Productions, Music Concerts, Governor Meetings, PTA events to name just a few, are all incredibly important events in the life of a child at school. How hard is it to have that happy smiley face at 7.00pm, when discussing water bill with Governors, or listening to the same songs in the show that you have heard practised every day for the last month. These are the events that we as leaders have to be very careful with. They can seriously take their toll and for me that’s when the aches and the pains kick in. Then of course it’s in as normally the following day and if nothing has happened. However the emotional challenge is always there – it’s the children and these are great events.
Day 4: Everybody Needs You
‘I’ve got Jimmy who is being rude to me and never has their reading book, SLT are just sat in their offices’ Now I hope this isn’t the case at my school, we try to be as visible to the children both in classrooms and playgrounds. Being around and about at lunchtimes for up to 90 minutes each day can be very demanding, but consider what happens in your lunchtimes and how often problems get brought to you by MTAs. What if you were out there, chatting to and playing games with the children? Would you have less problems?
Never lose sight of the challenges facing teachers in their classrooms, particularly if you haven’t taught for a while. A big challenge for me is balancing the role of Assistant Head with teaching my Year 6 class, but hopefully this keeps me close to the chalk face. You can be an easy target for teachers at stressful times, but again it can be the little things you do that often go unnoticed that can help ensure things run smoothly.
Day 5: How many children’s names do you know?
For me the answer is all of them. For me in reality I find this really hard. I have 3 days a week when I talk to 360 of them and the other 2 days it’s mainly my class or the other children in year 6. I am constantly impressed by my Head, who seems to know them all. I tend to play games with them, whilst trying to guess, it hides my ignorance. However when you remember a name in front of their parent, particular new ones, there are really brownie points to be earned.
Day 6: Data
Ok, I am going to keep this one short. How complicated can data be? Tables, graphs, graphs, tables, you don’t need to know them all. Share with your staff what they need to know, don’t bore them with numbers you don’t even understand. Ask your self this. Does our data collection, show what we need to know? If so use it to improve teaching and learning, if not don’t collect it.
Top tip is to look out for the time of term when you are most tired, because that is when the Government sneak out data facts and figures or really important new initiatives. How joyous to be able to compare your school to everyone in the country just 2 days before the end of term this week. Thank you to the BBC website who mean that parents can do this too. Happy Christmas all!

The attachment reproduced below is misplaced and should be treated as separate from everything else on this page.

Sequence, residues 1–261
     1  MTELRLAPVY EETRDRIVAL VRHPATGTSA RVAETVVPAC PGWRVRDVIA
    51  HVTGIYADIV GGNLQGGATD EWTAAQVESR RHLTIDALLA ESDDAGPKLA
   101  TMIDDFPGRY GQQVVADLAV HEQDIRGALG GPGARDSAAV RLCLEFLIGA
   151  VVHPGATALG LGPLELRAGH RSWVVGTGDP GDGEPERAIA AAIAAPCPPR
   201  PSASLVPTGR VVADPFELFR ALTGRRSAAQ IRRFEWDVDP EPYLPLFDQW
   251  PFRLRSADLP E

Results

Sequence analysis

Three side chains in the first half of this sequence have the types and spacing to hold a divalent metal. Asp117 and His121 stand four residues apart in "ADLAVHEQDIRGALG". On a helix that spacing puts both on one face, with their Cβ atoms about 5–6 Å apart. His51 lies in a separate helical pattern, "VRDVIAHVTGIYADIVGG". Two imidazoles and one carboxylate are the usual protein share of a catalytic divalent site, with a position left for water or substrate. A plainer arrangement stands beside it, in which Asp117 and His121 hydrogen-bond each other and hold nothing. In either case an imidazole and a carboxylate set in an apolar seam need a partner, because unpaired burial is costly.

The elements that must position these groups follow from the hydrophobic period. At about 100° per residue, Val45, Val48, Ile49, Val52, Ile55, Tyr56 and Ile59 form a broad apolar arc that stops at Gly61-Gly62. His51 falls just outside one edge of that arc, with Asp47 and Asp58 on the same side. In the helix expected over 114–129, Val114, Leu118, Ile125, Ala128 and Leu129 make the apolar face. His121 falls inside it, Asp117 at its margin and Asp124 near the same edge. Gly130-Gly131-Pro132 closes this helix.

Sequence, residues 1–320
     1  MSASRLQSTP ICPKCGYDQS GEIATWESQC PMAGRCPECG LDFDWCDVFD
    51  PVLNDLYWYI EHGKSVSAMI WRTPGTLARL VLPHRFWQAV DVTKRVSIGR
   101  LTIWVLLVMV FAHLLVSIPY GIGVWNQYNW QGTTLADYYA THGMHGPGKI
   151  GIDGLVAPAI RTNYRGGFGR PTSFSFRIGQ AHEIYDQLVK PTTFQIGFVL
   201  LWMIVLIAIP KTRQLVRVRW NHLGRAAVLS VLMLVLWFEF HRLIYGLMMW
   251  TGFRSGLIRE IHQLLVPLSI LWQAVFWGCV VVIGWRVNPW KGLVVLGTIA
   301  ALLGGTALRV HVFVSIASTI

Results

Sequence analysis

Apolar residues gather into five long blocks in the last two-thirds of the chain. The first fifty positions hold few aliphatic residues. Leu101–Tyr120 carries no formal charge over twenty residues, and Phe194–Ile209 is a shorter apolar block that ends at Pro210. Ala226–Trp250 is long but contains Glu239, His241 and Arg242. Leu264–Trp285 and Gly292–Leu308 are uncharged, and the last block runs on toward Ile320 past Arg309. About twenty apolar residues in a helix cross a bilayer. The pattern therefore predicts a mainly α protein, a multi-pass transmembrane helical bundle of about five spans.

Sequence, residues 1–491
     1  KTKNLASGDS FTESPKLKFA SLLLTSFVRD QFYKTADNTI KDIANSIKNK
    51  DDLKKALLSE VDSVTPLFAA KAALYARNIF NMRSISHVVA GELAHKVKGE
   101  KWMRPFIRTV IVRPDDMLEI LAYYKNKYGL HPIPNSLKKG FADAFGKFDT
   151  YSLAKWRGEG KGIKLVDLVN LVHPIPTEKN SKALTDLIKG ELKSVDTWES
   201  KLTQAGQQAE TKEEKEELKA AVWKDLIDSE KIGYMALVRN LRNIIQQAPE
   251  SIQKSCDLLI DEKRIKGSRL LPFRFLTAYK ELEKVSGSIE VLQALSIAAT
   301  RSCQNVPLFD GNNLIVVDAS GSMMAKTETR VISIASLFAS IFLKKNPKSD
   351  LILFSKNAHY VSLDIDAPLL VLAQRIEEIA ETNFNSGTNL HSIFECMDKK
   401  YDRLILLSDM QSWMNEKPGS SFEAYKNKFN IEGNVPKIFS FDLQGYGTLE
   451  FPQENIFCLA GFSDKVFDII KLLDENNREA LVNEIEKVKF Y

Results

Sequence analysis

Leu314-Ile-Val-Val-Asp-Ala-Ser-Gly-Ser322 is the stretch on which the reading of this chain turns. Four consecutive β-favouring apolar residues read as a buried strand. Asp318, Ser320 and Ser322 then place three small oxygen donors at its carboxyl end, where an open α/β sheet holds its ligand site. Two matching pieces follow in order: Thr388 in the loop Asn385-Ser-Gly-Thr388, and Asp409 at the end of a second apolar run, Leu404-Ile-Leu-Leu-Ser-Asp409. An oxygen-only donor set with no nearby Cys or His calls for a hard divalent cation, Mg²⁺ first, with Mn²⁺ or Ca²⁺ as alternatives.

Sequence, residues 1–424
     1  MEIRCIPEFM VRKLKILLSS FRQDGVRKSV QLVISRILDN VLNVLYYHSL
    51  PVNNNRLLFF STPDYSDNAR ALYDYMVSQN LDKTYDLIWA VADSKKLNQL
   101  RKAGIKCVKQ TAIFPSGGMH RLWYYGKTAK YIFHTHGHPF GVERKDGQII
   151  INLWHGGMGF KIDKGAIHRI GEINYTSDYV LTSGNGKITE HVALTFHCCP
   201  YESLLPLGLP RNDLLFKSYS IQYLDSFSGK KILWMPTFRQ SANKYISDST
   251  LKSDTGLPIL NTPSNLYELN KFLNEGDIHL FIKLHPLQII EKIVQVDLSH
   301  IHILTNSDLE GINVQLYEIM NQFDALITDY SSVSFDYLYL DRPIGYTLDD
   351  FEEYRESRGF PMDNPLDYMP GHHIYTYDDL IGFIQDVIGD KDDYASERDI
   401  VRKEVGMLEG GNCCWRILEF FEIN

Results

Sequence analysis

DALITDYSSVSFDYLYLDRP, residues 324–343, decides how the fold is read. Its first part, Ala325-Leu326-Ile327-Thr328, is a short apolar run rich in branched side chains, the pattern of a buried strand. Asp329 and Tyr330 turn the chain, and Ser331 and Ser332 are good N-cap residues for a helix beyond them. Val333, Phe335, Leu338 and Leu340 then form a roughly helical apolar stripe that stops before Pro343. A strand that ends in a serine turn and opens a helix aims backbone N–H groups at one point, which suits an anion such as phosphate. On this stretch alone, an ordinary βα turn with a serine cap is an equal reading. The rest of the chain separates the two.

Day 7: Building relationships with staff
When I first took on my role several years ago this was one of the biggest challenges. I went from somebody in the staffroom to someone holding my friends to account over their performance. SLT have to make sure that they don’t distance themselves from those who they need to succeed if their plans are to work out. I think at our school we try to go further and over many years we have developed a family atmosphere where everybody pulls together for each other, noticeably during Ofsted as I mentioned earlier. We don’t have a huge turnover of staff, positives and negatives to that I know, but people seem to like working there and so we must be getting something right. We also try hard to integrate new staff and give them the same chances we have had and probably better. Remember all those statistics about teachers dropping out, well it’s our jobs to make them see that their dream job is worth sticking around for. If you’ve got teachers finding it tough, build those relationships and question whether you as a member of SLT are doing all you can or are you missing something.
Day 8: Budgets
Like all schools budgets are a continued challenge facing leaders. We all want to be creative, stimulate staff and challenge ourselves to be the best that we can. However budgets in schools are being cut left right and centre, regardless of what the government tell the country. We do everything we can to protect staff and children from the cutbacks, but I can honestly say it has really taken grip this past term. It is the sort of thing that does leave you awake at night. You’re trying to plan for the next generation on a shoe string, whilst having people’s careers weighing on your shoulders. It shouldn’t be this way, but I’m not sure it’s getting any better soon. Fairer Funding Formula – not sure what is fairer about spending more money on some children than others!